David Henry Hwang
Longacre Theatre, New York
David Henry Hwang, the man behind M Butterfly and writer of the book for Sir Elton John’s Broadway Aida must be the perfect man to create this comedy of cultural misunderstanding.
There must be few other such accomplished playwrights who could create a work that constantly switches between (surtitled) Mandarin and English, as a means of conveying the differences between the two countries currently vying for global commercial supremacy.
The man in the middle is Cleveland-based Daniel Cavanaugh, ironically a salesman of translation products for cultural outlets. Will Ferrell lookalike Gary Wilmes plays a man desperate to rescue the family business after enduring his own crisis as an executive at Enron.
His rescue plan involves persuading the powers that be in the Chinese backwater of Guiyang that they need to use his company’s product.
His main support initially comes from Peter Timms, a “consultant” who has spent the last 19 years in the country and long ago gone native.
His sobriquet amongst the locals, “Teacher Peter”, gives away the insecure ambassador’s true profession but his subterfuge is mirrored by every one that we meet.
Cavanaugh soon tries his own supplementary tactic to find a way through the cultural minister’s defences. When Larry Lei Zhang’s Cai becomes obstructive in order to protect a contract that lies with his sister-in-law, the obvious route is to court his Vice Minister, Jennifer Lim’s Xi Yan.
A hilarious scene of misunderstandings between the pair prefigures many more but leads to an unexpected Sino-American union that looks set to offer a happy ending.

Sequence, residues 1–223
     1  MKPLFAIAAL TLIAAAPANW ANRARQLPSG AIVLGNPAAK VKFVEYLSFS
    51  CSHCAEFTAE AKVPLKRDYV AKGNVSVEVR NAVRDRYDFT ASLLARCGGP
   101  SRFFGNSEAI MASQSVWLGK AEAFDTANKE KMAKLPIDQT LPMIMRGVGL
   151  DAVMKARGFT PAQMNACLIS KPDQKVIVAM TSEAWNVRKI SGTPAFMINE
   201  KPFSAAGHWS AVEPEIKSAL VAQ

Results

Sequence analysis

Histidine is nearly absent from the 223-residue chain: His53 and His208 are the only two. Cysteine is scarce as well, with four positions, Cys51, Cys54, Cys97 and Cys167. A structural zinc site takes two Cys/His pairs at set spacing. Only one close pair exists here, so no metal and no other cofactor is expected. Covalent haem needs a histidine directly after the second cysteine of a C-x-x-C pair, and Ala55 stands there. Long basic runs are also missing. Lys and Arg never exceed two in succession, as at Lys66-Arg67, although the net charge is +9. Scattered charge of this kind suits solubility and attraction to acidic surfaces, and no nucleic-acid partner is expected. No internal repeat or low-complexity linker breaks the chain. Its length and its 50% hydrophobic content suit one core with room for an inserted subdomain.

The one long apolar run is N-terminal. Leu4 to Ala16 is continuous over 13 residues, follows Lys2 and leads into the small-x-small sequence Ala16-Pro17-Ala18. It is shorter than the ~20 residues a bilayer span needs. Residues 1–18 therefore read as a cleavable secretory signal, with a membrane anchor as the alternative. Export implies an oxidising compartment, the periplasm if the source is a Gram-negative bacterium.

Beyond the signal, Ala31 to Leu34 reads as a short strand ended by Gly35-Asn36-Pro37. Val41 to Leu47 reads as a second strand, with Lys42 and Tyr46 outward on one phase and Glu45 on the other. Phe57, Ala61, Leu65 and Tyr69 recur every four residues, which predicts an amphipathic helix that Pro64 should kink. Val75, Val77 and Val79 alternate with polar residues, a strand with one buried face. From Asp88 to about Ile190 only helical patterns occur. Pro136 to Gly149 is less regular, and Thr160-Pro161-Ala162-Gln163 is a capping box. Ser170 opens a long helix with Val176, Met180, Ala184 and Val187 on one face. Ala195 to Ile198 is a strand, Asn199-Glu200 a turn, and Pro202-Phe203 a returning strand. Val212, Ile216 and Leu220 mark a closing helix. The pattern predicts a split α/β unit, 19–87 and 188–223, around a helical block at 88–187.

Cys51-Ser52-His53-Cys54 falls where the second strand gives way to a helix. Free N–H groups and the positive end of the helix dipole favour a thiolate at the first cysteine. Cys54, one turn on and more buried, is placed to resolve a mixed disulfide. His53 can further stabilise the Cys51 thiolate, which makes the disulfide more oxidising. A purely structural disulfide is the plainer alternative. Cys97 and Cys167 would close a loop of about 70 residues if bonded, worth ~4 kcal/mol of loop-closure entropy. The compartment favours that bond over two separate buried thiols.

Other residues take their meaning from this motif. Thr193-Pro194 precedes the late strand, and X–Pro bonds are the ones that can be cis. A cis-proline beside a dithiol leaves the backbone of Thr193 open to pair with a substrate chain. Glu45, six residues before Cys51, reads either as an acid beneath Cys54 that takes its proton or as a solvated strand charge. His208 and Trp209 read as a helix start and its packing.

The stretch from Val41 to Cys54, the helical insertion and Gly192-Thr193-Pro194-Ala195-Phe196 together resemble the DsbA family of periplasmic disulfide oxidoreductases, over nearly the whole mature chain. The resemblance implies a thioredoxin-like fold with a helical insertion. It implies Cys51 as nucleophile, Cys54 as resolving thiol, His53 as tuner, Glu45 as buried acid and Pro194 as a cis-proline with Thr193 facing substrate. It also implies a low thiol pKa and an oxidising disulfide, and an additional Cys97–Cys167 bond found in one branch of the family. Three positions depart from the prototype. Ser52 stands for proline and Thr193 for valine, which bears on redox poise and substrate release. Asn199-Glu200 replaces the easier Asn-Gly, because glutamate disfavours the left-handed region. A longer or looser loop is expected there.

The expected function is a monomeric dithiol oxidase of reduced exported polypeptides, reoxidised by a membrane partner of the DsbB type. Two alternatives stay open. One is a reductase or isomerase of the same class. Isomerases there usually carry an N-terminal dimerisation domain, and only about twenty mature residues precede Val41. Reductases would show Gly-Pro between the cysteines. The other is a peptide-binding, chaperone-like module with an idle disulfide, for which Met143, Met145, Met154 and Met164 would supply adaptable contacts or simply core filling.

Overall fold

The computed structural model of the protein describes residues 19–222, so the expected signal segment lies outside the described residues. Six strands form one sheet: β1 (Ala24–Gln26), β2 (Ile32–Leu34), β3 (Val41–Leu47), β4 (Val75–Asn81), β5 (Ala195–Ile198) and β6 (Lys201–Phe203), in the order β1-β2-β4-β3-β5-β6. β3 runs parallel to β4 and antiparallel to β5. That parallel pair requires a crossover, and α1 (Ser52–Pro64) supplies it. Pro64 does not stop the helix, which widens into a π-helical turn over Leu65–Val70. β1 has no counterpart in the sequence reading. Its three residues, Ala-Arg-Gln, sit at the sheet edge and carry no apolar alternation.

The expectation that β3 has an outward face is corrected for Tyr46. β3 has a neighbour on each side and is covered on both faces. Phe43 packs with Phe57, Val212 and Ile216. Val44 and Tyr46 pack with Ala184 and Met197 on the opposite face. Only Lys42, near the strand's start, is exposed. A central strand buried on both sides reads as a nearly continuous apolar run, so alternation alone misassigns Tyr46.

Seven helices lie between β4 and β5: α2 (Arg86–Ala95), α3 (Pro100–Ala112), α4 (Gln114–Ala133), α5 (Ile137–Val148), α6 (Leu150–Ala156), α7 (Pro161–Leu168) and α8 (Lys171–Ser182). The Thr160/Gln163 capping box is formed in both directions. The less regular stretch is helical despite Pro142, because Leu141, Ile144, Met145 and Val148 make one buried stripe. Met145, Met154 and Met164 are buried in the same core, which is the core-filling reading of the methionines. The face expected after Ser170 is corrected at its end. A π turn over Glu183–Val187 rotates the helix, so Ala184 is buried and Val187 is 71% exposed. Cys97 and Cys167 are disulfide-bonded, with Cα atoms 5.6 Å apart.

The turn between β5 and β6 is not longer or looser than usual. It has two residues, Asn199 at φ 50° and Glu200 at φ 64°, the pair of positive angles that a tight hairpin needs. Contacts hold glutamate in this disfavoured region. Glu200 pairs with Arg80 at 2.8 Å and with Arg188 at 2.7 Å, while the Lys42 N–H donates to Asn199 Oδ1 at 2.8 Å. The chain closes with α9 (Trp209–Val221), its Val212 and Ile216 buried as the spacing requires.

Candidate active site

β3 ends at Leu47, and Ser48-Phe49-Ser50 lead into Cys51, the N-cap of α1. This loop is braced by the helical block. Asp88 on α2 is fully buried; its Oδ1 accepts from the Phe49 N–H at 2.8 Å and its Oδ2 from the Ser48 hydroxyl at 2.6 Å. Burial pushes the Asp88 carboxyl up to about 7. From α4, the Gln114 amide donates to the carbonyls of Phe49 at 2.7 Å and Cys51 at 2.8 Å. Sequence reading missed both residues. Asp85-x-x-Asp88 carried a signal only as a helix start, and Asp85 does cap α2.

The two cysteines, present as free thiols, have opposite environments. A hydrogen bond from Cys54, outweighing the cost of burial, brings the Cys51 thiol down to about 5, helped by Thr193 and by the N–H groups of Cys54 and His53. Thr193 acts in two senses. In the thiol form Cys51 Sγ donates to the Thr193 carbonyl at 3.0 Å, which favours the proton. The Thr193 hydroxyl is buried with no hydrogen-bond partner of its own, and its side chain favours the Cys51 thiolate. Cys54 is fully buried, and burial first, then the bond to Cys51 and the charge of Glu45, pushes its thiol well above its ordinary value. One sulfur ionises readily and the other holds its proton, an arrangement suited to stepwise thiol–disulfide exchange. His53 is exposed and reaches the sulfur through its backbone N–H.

However, this intricately plotted comedy has much more to amuse its audience before a satisfying denouement that leaves honour intact for all except the disgraced minister, who pays for corruption no worse than anyone else’s with his job.
There are many reasons to enjoy Ch’ing·lish, which originally premiered at the Goodman in Chicago. The use of translation technology of the kind that our hero is trying to flog presents many extremely funny moments. It also allows us to understand the difficulties of bringing together people who not only speak different languages but have value systems with almost nothing in common.
As such, this is a thought-provoking play about how the future might develop as the West courts China and it responds in kind.
On a set designed by David Korins that is based on a double revolve and sensibly cuts down the stage space, the team of bilingual actors moves swiftly between scenes and locations always convincing viewers that the action really is taking place in China.
Under the expert direction of Leigh Silverman, Gary Wilmes and Jennifer Lin work well together in love and war, guaranteeing that audiences will have a good time as well as learning a great deal about today’s commercial world as viewed from the far side of The Great Wall.
Reviewer: Philip Fisher